An undercover Detroit cop navigates a dangerous neighborhood that's surrounded by a containment wall with the help of an ex-con in order to bring down a crime lord and his plot to devastate the entire city.
When a Las Vegas performer-turned-snitch named Buddy Israel decides to turn state's evidence and testify against the mob, it seems that a whole lot of people would like to make sure he's no longer breathing.
Luke McNamara, a college senior from a working class background joins a secret elitist college fraternity organization called "The Skulls", in hope of gaining acceptance into Harvard Law ... See full summary »
After a drug-op gone bad, Joey Gazelle is put in charge of disposing the gun that shot a dirty cop. But things go wrong for Joey after a neighbor kid stole the gun and used it to shoot his abusive father. Now Joey has to find that kid and the gun before the police and the mob do. Written by
Kevin Yang (Canada, Surrey)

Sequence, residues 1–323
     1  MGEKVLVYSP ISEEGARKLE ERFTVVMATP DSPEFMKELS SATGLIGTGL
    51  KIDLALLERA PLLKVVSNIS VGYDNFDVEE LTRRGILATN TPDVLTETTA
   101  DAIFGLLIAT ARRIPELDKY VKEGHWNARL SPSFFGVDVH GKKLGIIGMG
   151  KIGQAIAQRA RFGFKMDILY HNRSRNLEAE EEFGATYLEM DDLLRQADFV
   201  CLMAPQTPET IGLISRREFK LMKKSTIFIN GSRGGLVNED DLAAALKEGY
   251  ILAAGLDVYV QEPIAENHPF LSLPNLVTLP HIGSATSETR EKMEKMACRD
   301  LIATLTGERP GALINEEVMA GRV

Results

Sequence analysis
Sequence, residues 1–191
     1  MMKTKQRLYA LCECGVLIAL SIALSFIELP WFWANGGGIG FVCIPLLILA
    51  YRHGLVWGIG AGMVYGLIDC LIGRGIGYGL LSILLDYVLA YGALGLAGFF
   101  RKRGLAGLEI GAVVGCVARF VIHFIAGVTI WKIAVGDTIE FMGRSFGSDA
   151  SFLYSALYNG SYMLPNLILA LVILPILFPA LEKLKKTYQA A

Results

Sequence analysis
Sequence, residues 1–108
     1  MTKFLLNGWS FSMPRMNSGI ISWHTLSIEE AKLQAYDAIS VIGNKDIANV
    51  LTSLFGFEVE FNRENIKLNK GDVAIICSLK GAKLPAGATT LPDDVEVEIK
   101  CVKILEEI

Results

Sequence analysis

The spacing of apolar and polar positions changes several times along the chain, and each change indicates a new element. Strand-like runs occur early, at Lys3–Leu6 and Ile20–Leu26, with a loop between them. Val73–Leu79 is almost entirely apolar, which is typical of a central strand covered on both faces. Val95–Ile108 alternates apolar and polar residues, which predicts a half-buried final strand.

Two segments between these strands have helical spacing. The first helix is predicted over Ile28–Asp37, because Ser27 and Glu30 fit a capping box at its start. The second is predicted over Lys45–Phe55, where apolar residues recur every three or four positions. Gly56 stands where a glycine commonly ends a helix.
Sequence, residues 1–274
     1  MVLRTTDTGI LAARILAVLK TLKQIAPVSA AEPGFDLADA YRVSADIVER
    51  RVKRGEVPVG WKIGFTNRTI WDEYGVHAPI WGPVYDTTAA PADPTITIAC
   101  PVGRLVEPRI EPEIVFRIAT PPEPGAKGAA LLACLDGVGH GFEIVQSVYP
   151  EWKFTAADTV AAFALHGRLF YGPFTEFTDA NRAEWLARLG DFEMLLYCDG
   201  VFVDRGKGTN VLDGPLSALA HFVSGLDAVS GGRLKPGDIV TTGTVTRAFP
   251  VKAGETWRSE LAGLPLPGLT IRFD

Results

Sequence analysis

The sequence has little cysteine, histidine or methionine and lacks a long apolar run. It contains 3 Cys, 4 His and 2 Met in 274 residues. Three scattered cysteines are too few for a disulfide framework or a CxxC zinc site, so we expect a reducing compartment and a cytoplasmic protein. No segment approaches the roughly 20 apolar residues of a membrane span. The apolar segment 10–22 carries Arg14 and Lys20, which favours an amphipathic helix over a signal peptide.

The medicine bottle that Oleg uses to find the address of Dez and Adele's apartment is a prescription for Zovirax, a medication used to treat Cold Sores. See more »
In the hockey rink Joey throws away his gun. In his next shot, the gun is still in his hand. See more »
[while frantically driving]
Come on! Come on, kid! The fuck? Look at me. Fuck! Come on Oleg, stay with me. Come on. Come on! Come on, kid. We're gonna make it.
We're gonna crash!
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I was a big fan of Tarantino after seeing "Resevoir Dogs" and "Pulp Fiction". "Running Scared" is certainly in that same vein, and it also reminds me of John Woo's "The Killer". But where this film lacks the dialog of a Tarantino film, it is a lot more visually stylish than anything QT has ever done. There are great transitions, effective dynamic time warping (speed up or slow down a shot, like a bullet flying through the air), and if you thought Maynard, Zed, and the Gimp were bizarre in "Pulp Fiction", wait until you meet the creepy married couple who through their sick hobby make every other evil character in this film look like Buddhist Monks. It's a fast, furiously-paced film, certainly aptly titled. A great cast, beginning with Paul Walker and Vera Farmiga. And certainly the main kids stand their ground, especially Cameron Bright. Also worth mentioning is the end title sequence animated by Gary Hebert. Bottom line, if you were disappointed by films like "Kill Bill" and "Sin City", films you really wanted to like but found them too cartoonishly clichéd, you'll be more than satisfied with "Running Scared". It's sharp and engaging.
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